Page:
There are a lot of factors that are in-play when working with smart home. Today, we are covering some of the basic details all installers should think about when they first visit a job project.
The Home Network
Check the homes network coverage:
Home network coverage is one of the most important factors to consider when setting up smart home. Many "smart" products operate on Wi-Fi, and require adequate signal coverage at the install location. This is especially true for the smart home controller. There are many free apps available that will help you check the Wi-Fi network signal strength in different areas of the home such as the Wi-Fi Analyzer App, Dr WiFi, FING, and more.
Am I working with the right Wi-Fi frequency?
Many home ISPs are renting out modems/routers that can combine the 2.4GHz and 5GHz frequency under a single SSID. This can often pose an issue as some smart home devices (such as the Clare Video Doorbell, and other video doorbells) must be connected to a single, dedicated 2.4GHz Wi-Fi SSID. In this case, you may need to recommend the homeowner replace their router with one that separates the Wi-Fi frequency SSID's, or that they contact their ISP for assistance. In some routers, this can easily be toggled in the settings.
Location, Location, Location...
Device placement matters!
The install location of your devices is as important as your network coverage. There are many factors that can interfere with a wireless connection that can cause a bad experience for the homeowner. This can include wall build materials which involve rebar, bricks, concrete, wire mesh, and more. These materials can impact the Wi-Fi coverage, acting as a sort of "faraday cage". Always check the Wi-Fi signal strength at the install location prior to installation. You may need to relocate the router to a more central location of the home, add a wireless access point, recommend a replacement router, or re-think the location of the smart home device.
Is the room pre-wired?
Walk through the house and check which cables are available. Some houses can include Ethernet wires already dispersed to every room. Check for data/Ethernet cables, electrical outlet locations, and even the location of wired light switches. This will help in determining the best install location for your device.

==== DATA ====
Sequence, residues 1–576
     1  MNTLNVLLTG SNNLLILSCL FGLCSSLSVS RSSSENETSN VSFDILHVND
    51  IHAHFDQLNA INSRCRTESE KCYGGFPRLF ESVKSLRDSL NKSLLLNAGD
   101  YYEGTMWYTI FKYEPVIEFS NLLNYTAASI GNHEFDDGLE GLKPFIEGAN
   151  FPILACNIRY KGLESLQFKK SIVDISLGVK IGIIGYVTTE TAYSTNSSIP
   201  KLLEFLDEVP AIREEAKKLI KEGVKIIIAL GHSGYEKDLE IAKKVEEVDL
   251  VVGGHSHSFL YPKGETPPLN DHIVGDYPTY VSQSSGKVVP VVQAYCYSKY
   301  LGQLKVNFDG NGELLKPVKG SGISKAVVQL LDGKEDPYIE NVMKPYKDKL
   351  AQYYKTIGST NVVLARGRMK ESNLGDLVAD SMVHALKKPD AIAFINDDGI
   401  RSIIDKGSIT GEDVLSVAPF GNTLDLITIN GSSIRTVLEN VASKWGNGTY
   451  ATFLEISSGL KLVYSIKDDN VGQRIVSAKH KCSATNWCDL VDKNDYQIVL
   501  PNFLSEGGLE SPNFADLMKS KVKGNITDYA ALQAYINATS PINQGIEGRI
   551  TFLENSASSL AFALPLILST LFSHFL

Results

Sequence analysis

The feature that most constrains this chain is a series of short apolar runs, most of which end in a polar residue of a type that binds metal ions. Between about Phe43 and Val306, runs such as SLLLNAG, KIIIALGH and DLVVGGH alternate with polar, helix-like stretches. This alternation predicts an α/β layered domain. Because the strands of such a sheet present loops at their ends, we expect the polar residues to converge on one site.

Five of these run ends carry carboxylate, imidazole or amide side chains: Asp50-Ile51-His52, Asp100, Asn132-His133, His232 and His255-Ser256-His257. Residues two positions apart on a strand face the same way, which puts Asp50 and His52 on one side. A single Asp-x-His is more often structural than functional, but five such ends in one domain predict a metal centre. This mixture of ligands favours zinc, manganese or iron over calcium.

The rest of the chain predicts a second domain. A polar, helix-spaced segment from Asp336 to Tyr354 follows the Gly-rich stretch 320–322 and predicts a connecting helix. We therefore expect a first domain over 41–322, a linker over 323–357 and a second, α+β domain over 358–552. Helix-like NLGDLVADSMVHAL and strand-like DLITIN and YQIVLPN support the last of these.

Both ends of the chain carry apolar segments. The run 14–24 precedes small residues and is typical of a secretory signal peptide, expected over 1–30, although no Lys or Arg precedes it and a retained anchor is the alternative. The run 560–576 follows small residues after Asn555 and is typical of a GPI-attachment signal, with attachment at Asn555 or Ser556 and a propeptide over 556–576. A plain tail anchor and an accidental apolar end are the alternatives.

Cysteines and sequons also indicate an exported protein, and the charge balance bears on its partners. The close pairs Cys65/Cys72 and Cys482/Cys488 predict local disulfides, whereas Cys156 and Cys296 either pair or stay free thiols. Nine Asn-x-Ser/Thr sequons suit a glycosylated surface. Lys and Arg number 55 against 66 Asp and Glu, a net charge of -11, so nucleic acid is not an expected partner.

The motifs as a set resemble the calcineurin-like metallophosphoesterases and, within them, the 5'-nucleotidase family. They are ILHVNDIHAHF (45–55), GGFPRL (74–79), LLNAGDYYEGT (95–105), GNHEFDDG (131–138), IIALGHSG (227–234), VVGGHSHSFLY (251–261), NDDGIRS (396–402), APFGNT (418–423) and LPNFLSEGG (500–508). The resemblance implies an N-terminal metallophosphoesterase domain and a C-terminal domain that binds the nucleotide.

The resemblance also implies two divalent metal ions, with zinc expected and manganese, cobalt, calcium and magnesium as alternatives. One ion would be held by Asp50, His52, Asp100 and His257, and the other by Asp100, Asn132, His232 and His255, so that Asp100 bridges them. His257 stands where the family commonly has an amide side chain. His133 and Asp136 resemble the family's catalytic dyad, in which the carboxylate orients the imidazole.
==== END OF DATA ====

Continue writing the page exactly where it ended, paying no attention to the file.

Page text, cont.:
Got a mansion on your hands?
Home size is EXTREMELY important. Smart devices that work over Z-Wave, ZigBee, or other mesh-style pairings require a properly configured network. In a 3,000sqft home for example; having a controller, light switch, window/door sensor, and a smart lock is most likely not enough to ensure a proper area coverage. Additionally, battery-powered Z-Wave devices like sensors and locks often do not repeat Z-Wave signals - meaning they do not enhance your Z-Wave mesh network. You should have a proper dispersion of powered light switches, plug-in modules, repeaters, etc. that will help grow the network. Failure to do so will most often result in control lag, disconnecting devices, and general unresponsiveness.
It's All About the Experience.
Does the homeowner have any existing smart devices?
Does the homeowner have a NEST thermostat or a Yale smart lock? Clare works with over 1,800 devices. There is a chance the homeowner may have one or two of these compatible devices that can be added to their smart home system. Not only does this hold significant value to the homeowner, but it also grows the installers reputation, which can in turn bring additional business in the future.
Did you test the devices before you left?
It's the simple things that often get forgotten. Remembering to check if a newly installed device is working can often be overlooked. When installing a light dimmer for example, ensure the light bulb that's being used is compatible, and that it won't produce flickering lights, or other unwanted experiences.
With Great Power...
Is proper power being supplied to the device?
hen installing a Clare Video Doorbell, always ensure you have consistent voltage power flow to the doorbell. The CVD requires constant 16 to 24VAC. While a home may have a doorbell, some could have been on there for generations. You don't want to be called back to the job sight only to find that the wire is corroded, or the transformer is 40 years old and can no longer hold a solid electrical flow. The same thought process can be applied to outlets.
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